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Publication numberUS6905093 B2
Publication typeGrant
Application numberUS 10/672,533
Publication dateJun 14, 2005
Filing dateSep 26, 2003
Priority dateMar 19, 2002
Fee statusPaid
Also published asDE60332526D1, EP1485668A1, EP1485668B1, US6761331, US20030178527, US20040144888, WO2003081165A1
Publication number10672533, 672533, US 6905093 B2, US 6905093B2, US-B2-6905093, US6905093 B2, US6905093B2
InventorsRichard Dryer, Rudolph Adolph Eisentraut, Martin Allen Kebschull, John Christopher Parine
Original AssigneeRaytheon Company
Export CitationBiBTeX, EndNote, RefMan
External Links: USPTO, USPTO Assignment, Espacenet
Deployment mechanism for stowable fins
US 6905093 B2
Abstract
A deployment mechanism (414) in combination with a missile (10), guided projectile (410) or other ordnance that automatically pivots and rotates a fin (412) from a stowed orientation to a deployed orientation. The deployment mechanism (414) includes a tubular cam (434) having a retention mechanism (455) that retains the fin (412) simply and reliably in the stowed orientation. The tubular cam also guides the fin (412) quickly to the deployed orientation.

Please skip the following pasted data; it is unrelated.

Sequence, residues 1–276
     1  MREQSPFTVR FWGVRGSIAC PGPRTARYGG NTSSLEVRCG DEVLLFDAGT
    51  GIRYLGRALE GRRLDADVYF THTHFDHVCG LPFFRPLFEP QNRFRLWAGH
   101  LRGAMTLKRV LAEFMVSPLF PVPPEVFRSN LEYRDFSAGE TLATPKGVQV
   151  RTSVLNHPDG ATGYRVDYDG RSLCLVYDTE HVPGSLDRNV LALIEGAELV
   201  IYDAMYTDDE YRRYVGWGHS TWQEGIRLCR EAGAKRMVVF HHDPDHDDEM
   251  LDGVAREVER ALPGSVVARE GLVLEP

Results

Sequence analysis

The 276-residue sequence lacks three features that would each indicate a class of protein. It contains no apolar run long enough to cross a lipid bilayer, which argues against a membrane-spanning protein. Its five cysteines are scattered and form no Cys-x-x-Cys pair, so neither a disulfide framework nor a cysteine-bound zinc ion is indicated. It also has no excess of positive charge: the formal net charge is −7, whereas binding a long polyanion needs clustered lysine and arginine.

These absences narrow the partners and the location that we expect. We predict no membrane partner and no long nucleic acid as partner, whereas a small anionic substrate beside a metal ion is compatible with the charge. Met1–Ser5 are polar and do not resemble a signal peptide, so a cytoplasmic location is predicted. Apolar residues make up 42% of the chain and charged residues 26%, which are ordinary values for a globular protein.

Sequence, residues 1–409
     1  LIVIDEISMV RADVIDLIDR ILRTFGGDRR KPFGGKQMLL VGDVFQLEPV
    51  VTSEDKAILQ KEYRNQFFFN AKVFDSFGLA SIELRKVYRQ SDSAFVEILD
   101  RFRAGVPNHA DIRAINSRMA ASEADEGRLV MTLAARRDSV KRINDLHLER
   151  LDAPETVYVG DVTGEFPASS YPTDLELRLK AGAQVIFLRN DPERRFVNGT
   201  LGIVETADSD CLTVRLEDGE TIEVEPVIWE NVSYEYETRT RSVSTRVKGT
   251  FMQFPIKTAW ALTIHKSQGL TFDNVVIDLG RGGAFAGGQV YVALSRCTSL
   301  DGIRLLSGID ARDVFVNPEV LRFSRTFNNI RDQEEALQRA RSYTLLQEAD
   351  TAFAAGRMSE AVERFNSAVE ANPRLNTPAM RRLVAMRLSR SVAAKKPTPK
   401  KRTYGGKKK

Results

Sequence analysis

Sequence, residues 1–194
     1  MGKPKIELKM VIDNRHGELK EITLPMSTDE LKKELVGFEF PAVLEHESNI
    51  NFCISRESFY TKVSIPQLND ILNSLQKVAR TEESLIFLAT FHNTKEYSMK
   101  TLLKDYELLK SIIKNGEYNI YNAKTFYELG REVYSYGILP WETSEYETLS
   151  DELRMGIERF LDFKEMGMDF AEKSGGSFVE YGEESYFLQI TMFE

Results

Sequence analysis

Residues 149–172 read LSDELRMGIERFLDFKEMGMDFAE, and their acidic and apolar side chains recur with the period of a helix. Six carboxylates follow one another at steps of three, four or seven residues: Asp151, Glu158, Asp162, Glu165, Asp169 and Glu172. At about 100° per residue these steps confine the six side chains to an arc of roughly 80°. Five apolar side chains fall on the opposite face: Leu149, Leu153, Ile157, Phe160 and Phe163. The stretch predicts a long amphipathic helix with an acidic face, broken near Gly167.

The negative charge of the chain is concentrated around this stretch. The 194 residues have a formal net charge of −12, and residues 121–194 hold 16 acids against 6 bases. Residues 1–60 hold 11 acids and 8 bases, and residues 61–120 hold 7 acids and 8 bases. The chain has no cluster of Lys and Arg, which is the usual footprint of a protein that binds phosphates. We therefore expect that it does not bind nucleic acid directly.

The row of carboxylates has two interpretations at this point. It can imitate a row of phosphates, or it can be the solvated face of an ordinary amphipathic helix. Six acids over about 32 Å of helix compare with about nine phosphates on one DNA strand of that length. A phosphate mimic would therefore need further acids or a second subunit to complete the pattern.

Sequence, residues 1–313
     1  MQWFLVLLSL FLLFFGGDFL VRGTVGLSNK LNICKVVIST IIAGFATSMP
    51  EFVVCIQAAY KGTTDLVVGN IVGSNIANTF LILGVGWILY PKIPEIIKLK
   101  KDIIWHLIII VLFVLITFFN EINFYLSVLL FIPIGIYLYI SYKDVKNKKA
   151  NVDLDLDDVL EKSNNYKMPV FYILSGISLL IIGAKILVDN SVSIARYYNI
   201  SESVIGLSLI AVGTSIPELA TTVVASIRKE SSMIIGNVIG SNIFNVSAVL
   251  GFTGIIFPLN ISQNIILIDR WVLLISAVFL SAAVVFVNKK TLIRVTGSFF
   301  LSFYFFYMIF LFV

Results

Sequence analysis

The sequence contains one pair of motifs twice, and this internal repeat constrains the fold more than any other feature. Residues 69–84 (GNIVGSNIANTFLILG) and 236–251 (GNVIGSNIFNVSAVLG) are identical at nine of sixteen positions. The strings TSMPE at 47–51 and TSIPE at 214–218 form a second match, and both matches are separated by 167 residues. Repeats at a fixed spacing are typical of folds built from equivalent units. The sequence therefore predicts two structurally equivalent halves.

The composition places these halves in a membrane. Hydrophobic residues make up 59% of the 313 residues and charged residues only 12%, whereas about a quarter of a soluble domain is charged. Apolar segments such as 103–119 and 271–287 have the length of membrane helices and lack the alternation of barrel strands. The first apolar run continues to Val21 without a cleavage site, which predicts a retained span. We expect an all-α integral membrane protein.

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Claims(20)
1. A deployment mechanism having at least one aerodynamic fin, comprising:
a tubular cam including a retention mechanism,
the tubular cam mountable in a projectile for deploying the at least one fin from a stowed orientation to a deployed orientation that is different from the stowed orientation, and
the retention mechanism operationally configured to maintain the at least one fin in the stowed orientation when not deployed.
2. A deployment mechanism as set forth in claim 1, wherein the retention mechanism includes a retention slot.
3. A deployment mechanism as set forth in claim 2, wherein the retention slot is “L” shaped.
4. A deployment mechanism as set forth in claim 2, wherein the retention slot includes a stop,
the stop partially retains a connecting portion of the at least one aerodynamic fin.
5. A deployment mechanism as set forth in claim 1, wherein the tubular cam includes a worm gear formed in a sidewall of the tubular cam and